Waterloo Lodge is a Georgian Townhouse and the reason I want to let you know about it is because it has great family rooms. I always find this difficult when travelling with the kids. They have rooms with a huge double bed which three of us used and then two singles. The room had lots of space for our bags and lots of space to move around, nice and bright and we had a car space and a fantastic breakfast included and would you believe all for an excellent price. We stayed on longer in Dublin because of finding the Hotel.
This is a fab little Cuban place in Ballsbridge. We took our children there early evening and the waiter was delightful, couldn't do enough to make us comfortable and well fed, and the other diners were graciously accommodating of the added fuss. Far more important - the food was fantastic, authentic Cuban grub, and the service duly attentive; and to boot the tab was very reasonable.
11 Ballsbridge Terrace, Dublin 4
New York style (how did you guess?) diner in the docklands development next to the IFSC. Next to the financial district, so I expect it's worth avoiding during the week. On a Sunday, though, it's a pretty chilled out place to get Eggs Benedict or a vast array of bagels. Next to the river (by the Jeannie Johnston boat).
Lower Mayor St.
Opposite NCI (National College of Ireland). A short walk from Busáras (the main bus/coach terminus) or Connolly Station (DART [rail] / LUAS [tram])
Elegant well-restored Georgian building with Arts & Crafts murals and giant coat of arms in Rotunda, with some really good restaurants close by. Don't forget the official measurement outside on the wall.
Cork Hill, Dame Street, Dublin 2
The kids loved the pizza here, and the fact they could wander round unhindered. The statue of the naked lady in the corner caused great amusement as well. On the very top floor there is a theatre. It's worth finding out if there is a performance on when you're there. We watched an entrancing xmas story monologue, which kept even the jaded Playstationer glued to his seat. Free soup with a ticket was also a bonus on a cold winter's day.
78/9 Grafton Street
+353 1 6727720
In my experience, it's usually nice & quiet - a lovely old fashioned city centre square. Slightly wild & overgrown - feels like a Lewis Carrol novel in places.
Nice secluded playground too for younger kids. Near the National Gallery which is also worth a visit (for both art and lunch!).
Merrion Square. Near Pearce St Dart. Lots of bus services. 2 minute walk from Stephen's Green, or Trinity College (East side).
Four is devoted to the development of an uninhibited artistic exploration of ideas, discourses and new trends in contemporary art and its practices. It sees its function as promoting, supporting and bringing contemporary art, curators and the artists who take part in its evolution to the public's attention.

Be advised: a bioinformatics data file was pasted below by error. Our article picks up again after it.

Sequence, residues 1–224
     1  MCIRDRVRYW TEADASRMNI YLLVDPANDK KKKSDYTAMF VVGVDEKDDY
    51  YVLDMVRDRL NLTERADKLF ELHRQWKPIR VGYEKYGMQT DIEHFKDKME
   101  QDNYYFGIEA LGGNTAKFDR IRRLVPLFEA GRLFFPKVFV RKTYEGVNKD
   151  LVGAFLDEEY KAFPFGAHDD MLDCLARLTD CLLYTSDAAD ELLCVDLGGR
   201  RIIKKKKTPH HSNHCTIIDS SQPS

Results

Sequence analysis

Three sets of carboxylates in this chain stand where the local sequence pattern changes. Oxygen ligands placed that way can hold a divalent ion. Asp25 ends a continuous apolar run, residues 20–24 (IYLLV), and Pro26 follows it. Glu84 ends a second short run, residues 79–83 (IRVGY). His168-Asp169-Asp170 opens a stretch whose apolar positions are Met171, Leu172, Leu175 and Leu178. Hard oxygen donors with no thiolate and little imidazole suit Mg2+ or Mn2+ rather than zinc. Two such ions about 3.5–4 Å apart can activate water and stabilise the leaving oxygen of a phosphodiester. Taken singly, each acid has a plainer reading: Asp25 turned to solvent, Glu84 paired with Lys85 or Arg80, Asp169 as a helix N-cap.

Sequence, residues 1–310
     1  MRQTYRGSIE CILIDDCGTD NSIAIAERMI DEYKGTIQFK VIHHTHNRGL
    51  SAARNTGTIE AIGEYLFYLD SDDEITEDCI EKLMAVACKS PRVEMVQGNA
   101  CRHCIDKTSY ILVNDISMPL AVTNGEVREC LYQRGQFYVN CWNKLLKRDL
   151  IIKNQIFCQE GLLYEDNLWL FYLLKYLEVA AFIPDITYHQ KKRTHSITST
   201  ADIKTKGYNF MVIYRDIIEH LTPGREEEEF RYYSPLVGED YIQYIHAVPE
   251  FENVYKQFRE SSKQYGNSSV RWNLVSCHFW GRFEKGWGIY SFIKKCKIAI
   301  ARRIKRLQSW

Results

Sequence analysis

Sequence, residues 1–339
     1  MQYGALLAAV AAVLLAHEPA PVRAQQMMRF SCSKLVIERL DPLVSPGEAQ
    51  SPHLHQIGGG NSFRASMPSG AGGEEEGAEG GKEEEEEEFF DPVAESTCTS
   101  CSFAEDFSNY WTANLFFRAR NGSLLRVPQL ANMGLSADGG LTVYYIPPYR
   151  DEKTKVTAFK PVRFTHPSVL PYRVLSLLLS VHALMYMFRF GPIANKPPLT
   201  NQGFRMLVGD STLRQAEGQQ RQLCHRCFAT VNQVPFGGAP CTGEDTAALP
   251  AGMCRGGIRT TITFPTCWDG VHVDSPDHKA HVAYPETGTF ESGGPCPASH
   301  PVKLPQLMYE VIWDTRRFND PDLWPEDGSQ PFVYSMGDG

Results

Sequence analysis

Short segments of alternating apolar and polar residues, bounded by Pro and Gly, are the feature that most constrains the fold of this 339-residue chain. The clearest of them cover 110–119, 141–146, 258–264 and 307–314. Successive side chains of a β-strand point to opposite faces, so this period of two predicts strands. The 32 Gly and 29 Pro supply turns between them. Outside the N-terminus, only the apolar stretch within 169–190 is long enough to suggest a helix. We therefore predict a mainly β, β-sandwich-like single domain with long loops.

11 Burgh Quay, Dublin 2, near the Tara Street Dart station;
tel: 00 353 (0) 86 365 1256;
Irish football - as in soccer, not Gaelic football - may not seem like much in terms of sport in English-speaking Europe, but the games are exciting, the fans are great, and the grounds are delightful.
Tolka Park, home to Shelbourne and Dublin City is on the northside. Richmond Park - home of St. Patrick's and Shamrock Rovers - is west of the city centre past Kilmainham. Like most Irish football grounds it's only about 20 rows deep, so there are no bad seats. Dalymount, home to the Bohemians is above O'Connell Street off North Circular Road. There's even Belfield, back on the south side, home to UCD.
It's a summer league, so there are games during most European leagues’ off-season. With tickets topping out at 12 euros, you can't go wrong.
A modern creperie - boasting two branches either side of Grafton St - that serves tasty French treats in a variety of sweet and savoury flavours as well as toasted sandwiches. The main reason that I visit is for the coffee, which I believe to be the best in Dublin.
Dawson St, South William St
This is a real gem. The building itself is a museum piece, it's like stepping back in time to the Victorian era, you really expect to meet Conan-Doyle, Holmes or Watson peering at some exhibit around the next cabinet.
National Museum of Ireland - Natural History, Merrion Street, Dublin 2; www.museum.ie/naturalhistory/findus.asp
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